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Andy Milner

A Regulatory Perspective on Robo’s

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Andy Milner

An interesting short video on the US regulation climate:

 

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WWW.ASSET.TV

The regulatory landscape continues to evolve as it tries to keep up with robos and digital advice platforms. Luis Garcia of ACA Compliance Group breaks down SEC exam focus areas and compliance

 

 

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    • Rob Carter
      By Rob Carter
      The UK is a hotbed of fintech activity, and it has not escaped the attention of investors worldwide. so what can we expect in 2018?
       
      Last year, almost £3bn of venture capital found its way in to the UK’s tech sector, a record high and nearly double the figure for 2016. British fintech firms attracted almost four times more funding in 2017 than Germany, and more than France, Ireland and Sweden put together. This year promises to be even bigger, but what are the exciting developments driving those investment flows?
       
      Here’s what to expect in 2018 across five key areas we’ve identified:
       
      Open Banking
      One of the most exciting developments to land in the UK financial sector is Open Banking. Under these new rules, which came in to force in January this year, banks must share their customers’ financial data with other FCA-authorised institutions, if customers request them to. This includes bank and credit card transactions and information about spending habits, for example. The aim is to improve competition in the marketplace and ultimately help consumers get a better deal. It should also foster much greater innovation, as new alliances are forged between traditional financial services firms and fintech startups. This is already starting to happen – First Direct has partnered with fintech firm Bud, Barclays is working with Flux, and NatWest has teamed up with FreeAgent. Banks are working hard in-house too: HSBC, for example, has launched a beta app which will allow customers to see all their accounts on one screen, even those from rival providers. Expect more innovation and unlikely partnerships in the banking sector this year.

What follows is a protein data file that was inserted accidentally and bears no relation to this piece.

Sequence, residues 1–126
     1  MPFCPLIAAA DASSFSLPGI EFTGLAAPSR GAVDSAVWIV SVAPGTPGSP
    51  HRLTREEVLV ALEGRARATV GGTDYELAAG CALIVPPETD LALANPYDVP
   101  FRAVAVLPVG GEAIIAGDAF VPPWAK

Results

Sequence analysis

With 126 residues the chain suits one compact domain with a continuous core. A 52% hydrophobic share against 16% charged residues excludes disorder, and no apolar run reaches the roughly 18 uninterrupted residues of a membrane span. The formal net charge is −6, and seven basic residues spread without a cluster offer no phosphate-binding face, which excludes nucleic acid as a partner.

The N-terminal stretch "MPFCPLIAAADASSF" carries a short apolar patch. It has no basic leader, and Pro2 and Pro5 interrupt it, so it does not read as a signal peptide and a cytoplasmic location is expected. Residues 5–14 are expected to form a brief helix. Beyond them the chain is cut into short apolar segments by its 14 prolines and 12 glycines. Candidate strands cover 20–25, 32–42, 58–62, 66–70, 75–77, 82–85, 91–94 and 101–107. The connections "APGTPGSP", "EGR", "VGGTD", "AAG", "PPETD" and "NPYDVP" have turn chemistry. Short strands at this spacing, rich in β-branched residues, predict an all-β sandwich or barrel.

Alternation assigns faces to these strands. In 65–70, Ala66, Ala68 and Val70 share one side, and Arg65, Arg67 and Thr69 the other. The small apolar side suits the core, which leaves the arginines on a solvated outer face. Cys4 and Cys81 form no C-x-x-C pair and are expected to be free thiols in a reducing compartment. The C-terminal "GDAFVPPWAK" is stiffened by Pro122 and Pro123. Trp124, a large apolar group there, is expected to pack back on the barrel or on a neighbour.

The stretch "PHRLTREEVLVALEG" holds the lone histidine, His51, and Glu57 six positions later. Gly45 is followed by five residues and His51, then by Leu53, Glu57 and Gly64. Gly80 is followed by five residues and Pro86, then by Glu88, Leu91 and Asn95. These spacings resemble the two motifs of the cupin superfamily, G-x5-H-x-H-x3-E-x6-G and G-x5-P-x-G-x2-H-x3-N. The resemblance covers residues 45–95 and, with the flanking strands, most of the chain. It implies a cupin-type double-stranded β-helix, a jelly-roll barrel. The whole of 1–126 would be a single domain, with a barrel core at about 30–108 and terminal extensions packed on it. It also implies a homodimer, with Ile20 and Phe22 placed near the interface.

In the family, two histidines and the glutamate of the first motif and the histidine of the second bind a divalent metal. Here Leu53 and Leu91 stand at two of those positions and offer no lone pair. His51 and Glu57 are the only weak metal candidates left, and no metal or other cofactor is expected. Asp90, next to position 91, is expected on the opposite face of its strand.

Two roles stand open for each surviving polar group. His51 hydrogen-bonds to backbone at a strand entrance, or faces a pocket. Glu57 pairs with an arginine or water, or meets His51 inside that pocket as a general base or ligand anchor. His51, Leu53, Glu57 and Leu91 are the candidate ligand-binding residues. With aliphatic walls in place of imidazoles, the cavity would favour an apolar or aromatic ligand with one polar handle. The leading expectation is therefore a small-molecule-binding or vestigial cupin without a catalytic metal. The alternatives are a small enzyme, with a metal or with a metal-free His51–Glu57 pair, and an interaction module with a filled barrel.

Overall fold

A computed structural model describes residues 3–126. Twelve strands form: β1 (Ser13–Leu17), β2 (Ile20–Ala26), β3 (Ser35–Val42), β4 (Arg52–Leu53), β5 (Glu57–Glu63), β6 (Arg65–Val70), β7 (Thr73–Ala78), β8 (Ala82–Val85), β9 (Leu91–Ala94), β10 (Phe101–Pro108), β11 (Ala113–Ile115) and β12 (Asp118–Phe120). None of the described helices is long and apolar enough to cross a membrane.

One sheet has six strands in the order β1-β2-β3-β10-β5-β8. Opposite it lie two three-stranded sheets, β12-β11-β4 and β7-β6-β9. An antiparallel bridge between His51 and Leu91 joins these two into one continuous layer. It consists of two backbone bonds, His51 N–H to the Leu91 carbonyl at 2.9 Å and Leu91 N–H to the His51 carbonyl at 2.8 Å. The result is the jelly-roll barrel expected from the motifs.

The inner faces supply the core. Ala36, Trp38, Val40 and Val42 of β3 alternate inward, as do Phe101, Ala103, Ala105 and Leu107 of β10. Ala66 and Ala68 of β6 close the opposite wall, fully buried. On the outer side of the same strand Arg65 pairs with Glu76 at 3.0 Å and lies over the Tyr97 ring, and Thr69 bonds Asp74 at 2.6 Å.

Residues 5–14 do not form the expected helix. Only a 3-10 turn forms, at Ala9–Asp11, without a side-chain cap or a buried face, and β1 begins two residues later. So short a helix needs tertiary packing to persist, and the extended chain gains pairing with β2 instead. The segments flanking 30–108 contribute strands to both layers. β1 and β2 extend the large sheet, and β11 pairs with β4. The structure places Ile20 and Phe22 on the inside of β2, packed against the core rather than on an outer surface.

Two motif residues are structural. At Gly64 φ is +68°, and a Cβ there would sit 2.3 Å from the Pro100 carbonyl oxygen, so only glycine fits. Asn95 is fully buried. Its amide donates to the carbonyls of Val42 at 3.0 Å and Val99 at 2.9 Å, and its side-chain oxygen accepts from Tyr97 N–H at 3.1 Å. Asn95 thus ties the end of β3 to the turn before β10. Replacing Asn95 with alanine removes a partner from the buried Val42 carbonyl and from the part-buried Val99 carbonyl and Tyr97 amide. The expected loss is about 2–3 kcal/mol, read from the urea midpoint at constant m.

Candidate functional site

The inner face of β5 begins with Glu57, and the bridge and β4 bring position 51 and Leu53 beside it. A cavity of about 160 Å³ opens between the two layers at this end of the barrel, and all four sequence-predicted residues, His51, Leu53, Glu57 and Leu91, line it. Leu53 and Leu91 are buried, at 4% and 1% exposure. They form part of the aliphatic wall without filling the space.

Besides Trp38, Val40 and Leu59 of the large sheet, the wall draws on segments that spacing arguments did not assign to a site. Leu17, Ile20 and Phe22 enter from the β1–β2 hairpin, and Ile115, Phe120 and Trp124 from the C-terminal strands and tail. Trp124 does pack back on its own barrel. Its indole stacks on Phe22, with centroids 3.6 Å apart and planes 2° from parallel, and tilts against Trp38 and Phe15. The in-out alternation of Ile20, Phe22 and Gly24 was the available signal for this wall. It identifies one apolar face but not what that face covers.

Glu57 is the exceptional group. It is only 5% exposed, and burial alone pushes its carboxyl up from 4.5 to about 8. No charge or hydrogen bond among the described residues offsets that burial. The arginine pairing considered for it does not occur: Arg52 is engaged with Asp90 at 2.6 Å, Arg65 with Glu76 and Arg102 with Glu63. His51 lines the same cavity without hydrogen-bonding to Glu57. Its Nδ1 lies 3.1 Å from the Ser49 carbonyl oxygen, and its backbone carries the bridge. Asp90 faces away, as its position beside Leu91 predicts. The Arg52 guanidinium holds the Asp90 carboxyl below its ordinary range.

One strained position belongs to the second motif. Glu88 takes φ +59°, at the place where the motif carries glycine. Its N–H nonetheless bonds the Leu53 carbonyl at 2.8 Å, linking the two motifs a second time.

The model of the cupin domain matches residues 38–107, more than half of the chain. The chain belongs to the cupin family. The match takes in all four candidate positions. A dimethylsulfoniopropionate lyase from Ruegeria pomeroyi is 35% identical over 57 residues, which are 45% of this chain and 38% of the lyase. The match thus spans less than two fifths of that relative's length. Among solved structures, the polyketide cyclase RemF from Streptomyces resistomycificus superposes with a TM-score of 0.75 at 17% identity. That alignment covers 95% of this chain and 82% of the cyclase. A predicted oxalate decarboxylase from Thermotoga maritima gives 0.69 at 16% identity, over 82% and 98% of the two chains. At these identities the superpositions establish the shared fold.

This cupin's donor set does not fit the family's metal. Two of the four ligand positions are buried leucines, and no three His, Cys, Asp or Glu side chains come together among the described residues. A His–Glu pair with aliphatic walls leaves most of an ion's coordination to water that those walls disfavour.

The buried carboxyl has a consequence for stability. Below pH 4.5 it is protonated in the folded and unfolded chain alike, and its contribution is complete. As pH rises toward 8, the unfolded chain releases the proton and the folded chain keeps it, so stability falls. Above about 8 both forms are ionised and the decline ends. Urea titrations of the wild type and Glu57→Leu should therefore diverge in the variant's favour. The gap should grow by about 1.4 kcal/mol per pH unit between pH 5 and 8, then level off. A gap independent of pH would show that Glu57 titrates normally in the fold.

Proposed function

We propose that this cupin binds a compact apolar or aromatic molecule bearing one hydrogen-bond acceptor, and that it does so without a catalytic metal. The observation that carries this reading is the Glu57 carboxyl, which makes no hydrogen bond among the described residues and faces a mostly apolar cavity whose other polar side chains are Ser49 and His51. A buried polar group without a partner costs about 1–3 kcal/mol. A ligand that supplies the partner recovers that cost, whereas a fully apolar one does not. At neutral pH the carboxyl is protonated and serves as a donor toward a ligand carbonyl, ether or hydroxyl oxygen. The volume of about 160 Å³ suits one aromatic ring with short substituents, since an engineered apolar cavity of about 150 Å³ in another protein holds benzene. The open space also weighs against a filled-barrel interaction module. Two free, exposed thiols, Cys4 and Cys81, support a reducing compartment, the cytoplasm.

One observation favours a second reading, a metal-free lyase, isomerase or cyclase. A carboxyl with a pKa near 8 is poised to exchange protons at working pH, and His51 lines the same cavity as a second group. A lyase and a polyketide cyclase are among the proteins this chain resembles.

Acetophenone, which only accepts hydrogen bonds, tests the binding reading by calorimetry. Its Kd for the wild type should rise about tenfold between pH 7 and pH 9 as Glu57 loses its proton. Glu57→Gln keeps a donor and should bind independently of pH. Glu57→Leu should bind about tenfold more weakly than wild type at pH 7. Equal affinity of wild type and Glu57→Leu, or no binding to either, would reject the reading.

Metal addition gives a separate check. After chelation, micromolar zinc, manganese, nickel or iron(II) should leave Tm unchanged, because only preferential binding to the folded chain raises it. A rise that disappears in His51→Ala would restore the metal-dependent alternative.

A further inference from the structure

Wealthtech
      Wealthtech refers to the specific type of fintech which is used to solve problems and improve user experience in the wealth management and investing world. The definition includes robo-advisers like Nutmeg and Wealthify, as well as micro-investment services and digital brokers. They focus on the under-served mass market of people who would like to invest but only have small savings pots to play with, or who perhaps can’t afford financial advice or wouldn’t be economically viable clients for traditional financial advisers to take on. Robo-advice and micro-investing tools help to democratise investing and make it accessible to a much wider consumer base. Although some of these companies may take time to become profitable, the assets they manage are set to grow rapidly. Deloitte estimates the $2 billion in assets under automated management globally today may grow to as much as $7 trillion by the year 2025.
       
      Cryptocurrencies
      So strong has been the hype around cryptocurrencies that some listed companies in totally unrelated sectors have linked themselves to the space by changing their names or the focus of their businesses. Just adding the word ‘blockchain’ in somewhere has proven enough to send their share prices soaring (see Long Island Iced Tea Corp, now called Long Blockchain). But there may already be signs that the bubble could burst – highly volatile Bitcoin has fallen a long way from its lofty highs, and there is a regulatory threat from financial watchdogs globally following a crackdown by South Korea. There could be interesting developments to come in cryptocurrencies this year as companies navigate the new landscape.
       
      Regtech